But IM specialties aren't primary care. Just plain IM.
     
  23. OSUdoc08

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    The loan repayment programs in Oklahoma include EM. Let me know if you can't find it and I'll see if I can get a link.
     
  24. OSUdoc08

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    Actually, EM can be pretty competitive.
     
  25. OSUdoc08

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    I find EM the be much more desirable than surgery.
     
  26. tigress

    tigress queen of the jungle
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    Yeah I know. I was talking about the tradionally accepted primary care specialties (IM, FP, peds, +/- OB/Gyn)

    This is interesting. Arkansas considers general surgery to be primary care for the purpose of their rural medicine practice loans and scholarships. They include IM, FP, peds, OB/Gyn, Med/Peds, and general surgery.
     
  27. Scrub MD

    Scrub MD Senior Member
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    You are right. I should have said competitive. I was thinking that something is competitive because it is desirable (for most people). I forgot about people who desire to something less competitive.
     
  28. OSUdoc08

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    Who defines this? The traditional definition where I am from includes EM.
     
  29. tigress

    tigress queen of the jungle
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    Okay, but as far as I can tell that might be the only state. No other list I've looked at includes EM. I haven't found Oklahoma yet, but I've looked at a ton of them. The national (as opposed to state) programs also do not include EM. So I would suggest that including EM is an expection rather than the rule, and therefore I wouldn't say it is part of the commonly used definition of primary care.

    I have nothing against EM, mind you. As I said above, at this point I think it may be what I'd like to go into. I'm just talking about what the programs pay for. It would be great if EM were included, but as far as I can tell it very rarely is (with your example being the only one I've heard of).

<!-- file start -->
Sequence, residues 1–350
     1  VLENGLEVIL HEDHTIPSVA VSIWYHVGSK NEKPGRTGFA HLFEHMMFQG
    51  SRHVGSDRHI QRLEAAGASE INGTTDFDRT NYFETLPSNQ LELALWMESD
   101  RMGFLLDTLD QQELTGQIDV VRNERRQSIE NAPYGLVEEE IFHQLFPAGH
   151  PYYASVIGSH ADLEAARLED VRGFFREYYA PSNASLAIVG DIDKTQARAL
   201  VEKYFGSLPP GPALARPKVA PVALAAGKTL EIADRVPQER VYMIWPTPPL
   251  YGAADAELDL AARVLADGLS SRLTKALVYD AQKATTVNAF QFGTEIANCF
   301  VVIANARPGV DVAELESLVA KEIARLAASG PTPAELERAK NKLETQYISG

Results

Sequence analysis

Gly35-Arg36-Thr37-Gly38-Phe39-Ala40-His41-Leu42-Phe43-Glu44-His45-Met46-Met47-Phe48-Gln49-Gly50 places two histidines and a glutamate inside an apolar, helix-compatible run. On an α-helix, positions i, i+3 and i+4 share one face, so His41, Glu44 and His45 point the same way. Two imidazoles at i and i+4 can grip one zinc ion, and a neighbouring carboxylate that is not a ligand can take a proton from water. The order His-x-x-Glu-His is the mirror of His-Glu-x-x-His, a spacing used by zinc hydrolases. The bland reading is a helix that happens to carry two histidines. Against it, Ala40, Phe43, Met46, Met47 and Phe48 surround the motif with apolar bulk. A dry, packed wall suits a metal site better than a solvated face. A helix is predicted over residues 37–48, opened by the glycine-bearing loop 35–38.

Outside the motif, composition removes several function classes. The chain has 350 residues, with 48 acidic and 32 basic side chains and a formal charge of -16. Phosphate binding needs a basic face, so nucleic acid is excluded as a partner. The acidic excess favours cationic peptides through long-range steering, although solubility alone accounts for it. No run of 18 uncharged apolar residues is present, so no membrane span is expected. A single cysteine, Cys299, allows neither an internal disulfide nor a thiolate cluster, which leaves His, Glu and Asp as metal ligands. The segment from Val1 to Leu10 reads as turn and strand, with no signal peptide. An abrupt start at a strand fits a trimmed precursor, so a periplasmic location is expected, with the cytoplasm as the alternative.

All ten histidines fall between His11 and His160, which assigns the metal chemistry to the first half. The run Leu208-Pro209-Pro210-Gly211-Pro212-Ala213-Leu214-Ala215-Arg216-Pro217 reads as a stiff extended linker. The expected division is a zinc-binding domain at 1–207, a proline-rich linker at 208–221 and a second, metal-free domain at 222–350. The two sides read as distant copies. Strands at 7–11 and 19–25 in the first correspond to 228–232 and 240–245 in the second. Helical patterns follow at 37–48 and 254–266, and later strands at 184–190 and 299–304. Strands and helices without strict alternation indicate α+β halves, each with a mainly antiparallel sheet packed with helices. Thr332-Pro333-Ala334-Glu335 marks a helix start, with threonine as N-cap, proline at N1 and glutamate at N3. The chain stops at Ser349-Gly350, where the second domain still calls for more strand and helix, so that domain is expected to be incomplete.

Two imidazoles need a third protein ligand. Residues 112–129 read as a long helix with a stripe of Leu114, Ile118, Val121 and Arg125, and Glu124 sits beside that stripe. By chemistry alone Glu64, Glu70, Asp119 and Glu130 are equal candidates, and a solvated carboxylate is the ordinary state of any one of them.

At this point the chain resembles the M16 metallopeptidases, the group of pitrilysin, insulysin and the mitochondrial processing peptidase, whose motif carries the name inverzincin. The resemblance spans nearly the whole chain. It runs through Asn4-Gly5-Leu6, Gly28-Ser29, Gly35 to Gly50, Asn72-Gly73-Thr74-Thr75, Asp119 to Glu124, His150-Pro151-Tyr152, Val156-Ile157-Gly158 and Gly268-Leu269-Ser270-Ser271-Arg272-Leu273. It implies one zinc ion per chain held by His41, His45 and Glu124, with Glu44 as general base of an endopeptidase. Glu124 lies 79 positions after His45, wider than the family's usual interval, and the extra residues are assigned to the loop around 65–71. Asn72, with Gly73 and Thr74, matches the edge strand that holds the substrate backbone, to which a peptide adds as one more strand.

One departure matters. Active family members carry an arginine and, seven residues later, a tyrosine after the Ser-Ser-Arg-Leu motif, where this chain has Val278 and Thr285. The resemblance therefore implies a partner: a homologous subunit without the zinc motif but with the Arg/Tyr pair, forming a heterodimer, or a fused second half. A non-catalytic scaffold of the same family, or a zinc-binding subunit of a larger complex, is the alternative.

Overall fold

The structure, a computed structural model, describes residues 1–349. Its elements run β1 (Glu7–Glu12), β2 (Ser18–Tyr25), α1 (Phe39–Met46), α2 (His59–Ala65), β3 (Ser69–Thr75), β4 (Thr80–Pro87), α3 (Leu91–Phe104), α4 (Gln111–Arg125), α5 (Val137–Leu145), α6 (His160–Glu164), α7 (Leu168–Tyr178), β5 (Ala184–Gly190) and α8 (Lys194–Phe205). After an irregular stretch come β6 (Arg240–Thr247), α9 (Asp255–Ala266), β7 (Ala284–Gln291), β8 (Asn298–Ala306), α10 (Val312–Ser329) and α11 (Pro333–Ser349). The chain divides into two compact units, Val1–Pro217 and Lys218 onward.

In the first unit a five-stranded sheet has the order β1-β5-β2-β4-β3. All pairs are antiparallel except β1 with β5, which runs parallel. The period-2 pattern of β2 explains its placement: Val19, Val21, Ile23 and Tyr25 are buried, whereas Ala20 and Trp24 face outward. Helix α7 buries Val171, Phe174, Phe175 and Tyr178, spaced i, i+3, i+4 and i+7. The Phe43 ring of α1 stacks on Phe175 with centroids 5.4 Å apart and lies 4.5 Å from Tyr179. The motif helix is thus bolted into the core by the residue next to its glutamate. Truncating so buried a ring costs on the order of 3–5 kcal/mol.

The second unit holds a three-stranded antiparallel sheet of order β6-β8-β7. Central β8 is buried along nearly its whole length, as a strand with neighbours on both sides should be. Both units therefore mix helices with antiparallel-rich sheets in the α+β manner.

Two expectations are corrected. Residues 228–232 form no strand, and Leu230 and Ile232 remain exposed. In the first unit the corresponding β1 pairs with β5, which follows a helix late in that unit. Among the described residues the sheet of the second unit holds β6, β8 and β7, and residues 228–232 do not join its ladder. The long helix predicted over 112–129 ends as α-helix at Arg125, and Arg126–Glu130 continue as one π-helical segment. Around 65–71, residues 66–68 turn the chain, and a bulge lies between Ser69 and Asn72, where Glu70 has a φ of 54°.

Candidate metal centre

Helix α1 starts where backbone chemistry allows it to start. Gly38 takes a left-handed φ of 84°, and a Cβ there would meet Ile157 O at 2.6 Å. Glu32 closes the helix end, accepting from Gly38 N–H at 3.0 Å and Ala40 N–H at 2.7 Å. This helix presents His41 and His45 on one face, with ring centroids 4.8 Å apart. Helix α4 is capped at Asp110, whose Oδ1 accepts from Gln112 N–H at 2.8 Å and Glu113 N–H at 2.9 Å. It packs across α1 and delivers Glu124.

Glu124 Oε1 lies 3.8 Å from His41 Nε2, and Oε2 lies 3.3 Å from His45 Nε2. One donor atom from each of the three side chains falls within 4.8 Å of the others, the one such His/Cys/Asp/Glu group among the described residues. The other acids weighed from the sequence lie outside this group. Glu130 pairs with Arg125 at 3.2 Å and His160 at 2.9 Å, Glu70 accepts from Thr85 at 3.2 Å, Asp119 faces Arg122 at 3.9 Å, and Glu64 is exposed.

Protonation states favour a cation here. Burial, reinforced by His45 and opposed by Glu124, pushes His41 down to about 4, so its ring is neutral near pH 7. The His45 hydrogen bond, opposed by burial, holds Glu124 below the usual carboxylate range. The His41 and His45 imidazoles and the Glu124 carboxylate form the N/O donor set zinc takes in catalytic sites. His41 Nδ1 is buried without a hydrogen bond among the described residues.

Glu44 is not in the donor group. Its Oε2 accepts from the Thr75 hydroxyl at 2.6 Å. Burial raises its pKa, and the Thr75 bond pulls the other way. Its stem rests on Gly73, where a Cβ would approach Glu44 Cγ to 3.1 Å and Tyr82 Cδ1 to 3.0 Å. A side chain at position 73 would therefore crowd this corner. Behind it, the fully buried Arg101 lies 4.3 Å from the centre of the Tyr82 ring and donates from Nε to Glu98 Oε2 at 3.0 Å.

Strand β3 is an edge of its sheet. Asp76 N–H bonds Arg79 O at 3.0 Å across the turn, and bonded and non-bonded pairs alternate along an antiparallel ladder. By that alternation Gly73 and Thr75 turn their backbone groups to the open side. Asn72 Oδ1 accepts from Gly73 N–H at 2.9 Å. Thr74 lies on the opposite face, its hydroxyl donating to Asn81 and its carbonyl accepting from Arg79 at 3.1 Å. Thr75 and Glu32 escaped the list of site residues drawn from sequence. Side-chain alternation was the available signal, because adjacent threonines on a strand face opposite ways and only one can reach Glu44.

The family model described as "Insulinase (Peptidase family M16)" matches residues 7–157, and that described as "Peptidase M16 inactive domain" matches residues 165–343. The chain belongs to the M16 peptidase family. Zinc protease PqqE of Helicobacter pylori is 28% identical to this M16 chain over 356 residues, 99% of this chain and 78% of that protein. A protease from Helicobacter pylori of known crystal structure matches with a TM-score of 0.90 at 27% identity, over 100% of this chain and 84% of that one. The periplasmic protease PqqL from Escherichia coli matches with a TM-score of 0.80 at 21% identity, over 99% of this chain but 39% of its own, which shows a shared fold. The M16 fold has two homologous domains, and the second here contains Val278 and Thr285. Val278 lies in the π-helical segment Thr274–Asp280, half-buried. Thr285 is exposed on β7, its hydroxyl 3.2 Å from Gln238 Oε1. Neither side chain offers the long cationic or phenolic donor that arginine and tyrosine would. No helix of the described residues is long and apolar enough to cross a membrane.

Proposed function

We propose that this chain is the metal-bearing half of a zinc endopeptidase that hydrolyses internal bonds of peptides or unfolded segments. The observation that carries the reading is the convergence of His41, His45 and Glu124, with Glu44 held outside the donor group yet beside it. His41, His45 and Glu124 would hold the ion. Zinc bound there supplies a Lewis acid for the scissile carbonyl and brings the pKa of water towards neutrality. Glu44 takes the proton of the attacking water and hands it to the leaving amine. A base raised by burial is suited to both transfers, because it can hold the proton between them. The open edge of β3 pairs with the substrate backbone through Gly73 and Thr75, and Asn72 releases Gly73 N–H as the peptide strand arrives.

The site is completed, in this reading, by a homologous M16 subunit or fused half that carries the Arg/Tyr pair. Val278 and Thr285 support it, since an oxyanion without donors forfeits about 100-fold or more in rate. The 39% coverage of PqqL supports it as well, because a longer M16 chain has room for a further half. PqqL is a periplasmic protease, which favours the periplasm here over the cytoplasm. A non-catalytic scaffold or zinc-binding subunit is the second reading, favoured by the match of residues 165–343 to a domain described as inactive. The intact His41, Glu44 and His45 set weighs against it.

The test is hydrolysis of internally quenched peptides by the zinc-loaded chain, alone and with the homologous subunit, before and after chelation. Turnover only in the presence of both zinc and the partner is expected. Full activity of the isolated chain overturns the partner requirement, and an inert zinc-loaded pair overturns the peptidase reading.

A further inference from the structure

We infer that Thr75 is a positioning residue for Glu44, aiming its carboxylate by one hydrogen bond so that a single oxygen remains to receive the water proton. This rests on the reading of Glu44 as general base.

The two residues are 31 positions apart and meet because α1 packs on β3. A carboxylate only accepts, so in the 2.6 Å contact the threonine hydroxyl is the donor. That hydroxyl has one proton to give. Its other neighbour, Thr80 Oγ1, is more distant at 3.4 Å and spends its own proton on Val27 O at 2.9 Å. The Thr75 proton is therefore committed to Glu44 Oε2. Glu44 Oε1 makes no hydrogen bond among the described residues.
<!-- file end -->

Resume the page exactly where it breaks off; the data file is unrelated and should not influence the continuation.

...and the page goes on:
30. OSUdoc08

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    Agreed. Although it should be included more widely, since a large portion of the population uses EM physicians as their only provider.
     
  31. Scrub MD

    Scrub MD Senior Member
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  32. LTrain1

    LTrain1 Member
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    come one, the usnews primary care rankings have a d.o. school top 10 and have stanford unranked. If you are under the impression that this d.o. school is better at getting any type of residencies than stanford you really need more insight into the residency selection process.
     
  33. LTrain1

    LTrain1 Member
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    also, I said fp, im, and peds are primary care because that is what usnews uses for percentage of class going into primary care.
     
  34. OSUdoc08

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    Why don't you post Stanford's match list in primary care, and we'll compare it to TCOM's or MSU-COM's.

    This might be a bit more objective than you saying Stanford has a better match list because they have a big name.
     
  35. LTrain1

    LTrain1 Member